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Web-Based Intervention for Women With Type 1 Diabetes in Pregnancy and Early Motherhood: Critical Analysis of Adherence to Technological Elements and Study Design

Artikel i vetenskaplig tidskrift
Författare Marie Berg
Karolina Lindén
Annsofie Adolfsson
Carina Sparud Lundin
Agneta Ranerup
Publicerad i Journal of Medical Internet Research
Volym 20
Nummer/häfte 5
Sidor e160
ISSN 1438-8871
Publiceringsår 2018
Publicerad vid Centrum för personcentrerad vård vid Göteborgs universitet (GPCC)
Institutionen för tillämpad informationsteknologi (GU)
Institutionen för vårdvetenskap och hälsa
Sidor e160
Språk en
Länkar www.jmir.org/2018/5/e160/
Ämnesord randomized controlled trial; eHealth; mHealth; case study
Ämneskategorier Mänsklig interaktion med IKT, Systemvetenskap, informationssystem och informatik med samhällsvetenskaplig inriktning, Omvårdnad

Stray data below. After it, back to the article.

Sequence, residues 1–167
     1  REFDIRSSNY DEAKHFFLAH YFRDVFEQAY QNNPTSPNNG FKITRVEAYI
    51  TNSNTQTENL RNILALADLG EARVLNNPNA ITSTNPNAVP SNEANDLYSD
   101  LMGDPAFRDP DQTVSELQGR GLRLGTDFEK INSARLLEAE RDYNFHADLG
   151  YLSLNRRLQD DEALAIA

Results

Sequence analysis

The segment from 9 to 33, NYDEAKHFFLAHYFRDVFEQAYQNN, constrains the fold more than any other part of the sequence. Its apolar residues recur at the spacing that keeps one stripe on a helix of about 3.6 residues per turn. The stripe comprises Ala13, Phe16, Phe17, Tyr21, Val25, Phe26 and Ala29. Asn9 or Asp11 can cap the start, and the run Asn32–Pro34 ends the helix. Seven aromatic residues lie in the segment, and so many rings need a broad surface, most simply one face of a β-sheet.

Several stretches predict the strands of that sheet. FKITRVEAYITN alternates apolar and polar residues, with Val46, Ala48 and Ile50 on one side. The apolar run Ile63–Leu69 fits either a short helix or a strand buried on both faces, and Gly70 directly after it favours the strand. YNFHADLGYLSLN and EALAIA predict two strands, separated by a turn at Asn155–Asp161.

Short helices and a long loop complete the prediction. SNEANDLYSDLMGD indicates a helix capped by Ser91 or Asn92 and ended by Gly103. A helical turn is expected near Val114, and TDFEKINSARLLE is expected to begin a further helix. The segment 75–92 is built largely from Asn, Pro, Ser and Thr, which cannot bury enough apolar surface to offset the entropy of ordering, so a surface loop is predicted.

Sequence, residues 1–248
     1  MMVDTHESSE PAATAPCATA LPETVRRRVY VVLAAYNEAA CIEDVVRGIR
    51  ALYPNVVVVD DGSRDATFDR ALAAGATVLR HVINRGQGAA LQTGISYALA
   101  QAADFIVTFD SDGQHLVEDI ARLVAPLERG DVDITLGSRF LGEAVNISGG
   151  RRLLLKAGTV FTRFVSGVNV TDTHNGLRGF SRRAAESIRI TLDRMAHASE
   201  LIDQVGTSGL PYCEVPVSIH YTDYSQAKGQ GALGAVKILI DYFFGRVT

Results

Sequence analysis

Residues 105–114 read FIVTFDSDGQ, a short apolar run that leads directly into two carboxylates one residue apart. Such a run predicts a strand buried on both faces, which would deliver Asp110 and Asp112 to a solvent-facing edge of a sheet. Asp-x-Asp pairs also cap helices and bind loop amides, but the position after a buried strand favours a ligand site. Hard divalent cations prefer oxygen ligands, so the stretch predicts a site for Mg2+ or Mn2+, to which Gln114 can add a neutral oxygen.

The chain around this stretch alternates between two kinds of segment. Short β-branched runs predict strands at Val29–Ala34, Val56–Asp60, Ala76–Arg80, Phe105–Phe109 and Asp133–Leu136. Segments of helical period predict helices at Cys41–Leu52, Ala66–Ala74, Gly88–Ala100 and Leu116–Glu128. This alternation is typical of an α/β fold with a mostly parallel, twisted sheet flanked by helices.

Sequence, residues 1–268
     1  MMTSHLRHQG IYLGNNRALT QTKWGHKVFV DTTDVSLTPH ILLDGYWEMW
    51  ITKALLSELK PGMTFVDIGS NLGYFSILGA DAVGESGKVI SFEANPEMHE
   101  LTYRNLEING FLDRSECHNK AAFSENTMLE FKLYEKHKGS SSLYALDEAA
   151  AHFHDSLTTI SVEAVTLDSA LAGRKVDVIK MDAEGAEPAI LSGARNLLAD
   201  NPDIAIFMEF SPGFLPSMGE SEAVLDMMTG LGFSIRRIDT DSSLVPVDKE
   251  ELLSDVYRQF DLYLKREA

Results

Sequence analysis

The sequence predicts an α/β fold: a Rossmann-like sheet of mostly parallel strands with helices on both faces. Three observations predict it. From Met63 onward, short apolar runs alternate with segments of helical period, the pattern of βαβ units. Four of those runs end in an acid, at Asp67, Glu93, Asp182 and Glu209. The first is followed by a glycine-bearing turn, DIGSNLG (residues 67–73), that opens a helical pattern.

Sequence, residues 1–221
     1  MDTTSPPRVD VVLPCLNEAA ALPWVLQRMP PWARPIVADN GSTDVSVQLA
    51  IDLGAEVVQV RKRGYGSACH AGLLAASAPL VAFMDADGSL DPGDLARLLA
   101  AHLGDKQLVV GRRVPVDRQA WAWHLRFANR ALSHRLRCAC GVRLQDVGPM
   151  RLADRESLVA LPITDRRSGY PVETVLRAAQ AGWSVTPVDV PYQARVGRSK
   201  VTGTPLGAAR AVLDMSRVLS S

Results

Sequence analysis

Background: Numerous Web-based interventions have been implemented to promote health and health-related behaviors in persons with chronic conditions. Using randomized controlled trials to evaluate such interventions creates a range of challenges, which in turn can influence the study outcome. Applying a critical perspective when evaluating Web-based health interventions is important. Objective: The objective of this study was to critically analyze and discuss the challenges of conducting a Web-based health intervention as a randomized controlled trial. Method: The MODIAB-Web study was critically examined using an exploratory case study methodology and the framework for analysis offered through the Persuasive Systems Design model. Focus was on technology, study design, and Web-based support usage, with special focus on the forum for peer support. Descriptive statistics and qualitative content analysis were used. Results: The persuasive content and technological elements in the design of the randomized controlled trial included all four categories of the Persuasive Systems Design model, but not all design principles were implemented. The study duration was extended to a period of four and a half years. Of 81 active participants in the intervention group, a maximum of 36 women were simultaneously active. User adherence varied greatly with a median of 91 individual log-ins. The forum for peer support was used by 63 participants. Although only about one-third of the participants interacted in the forum, there was a fairly rich exchange of experiences and advice between them. Thus, adherence in terms of social interactions was negatively affected by limited active participation due to prolonged recruitment process and randomization effects. Lessons learned from this critical analysis are that technology and study design matter and might mutually influence each other. In Web-based interventions, the use of design theories enables utilization of the full potential of technology and promotes adherence. The randomization element in a randomized controlled trial design can become a barrier to achieving a critical mass of user interactions in Web-based interventions, especially when social support is included. For extended study periods, the technology used may need to be adapted in line with newly available technical options to avoid the risk of becoming outdated in the user realm, which in turn might jeopardize study validity in terms of randomized controlled trial designs. Conclusions: On the basis of lessons learned in this randomized controlled trial, we give recommendations to consider when designing and evaluating Web-based health interventions.

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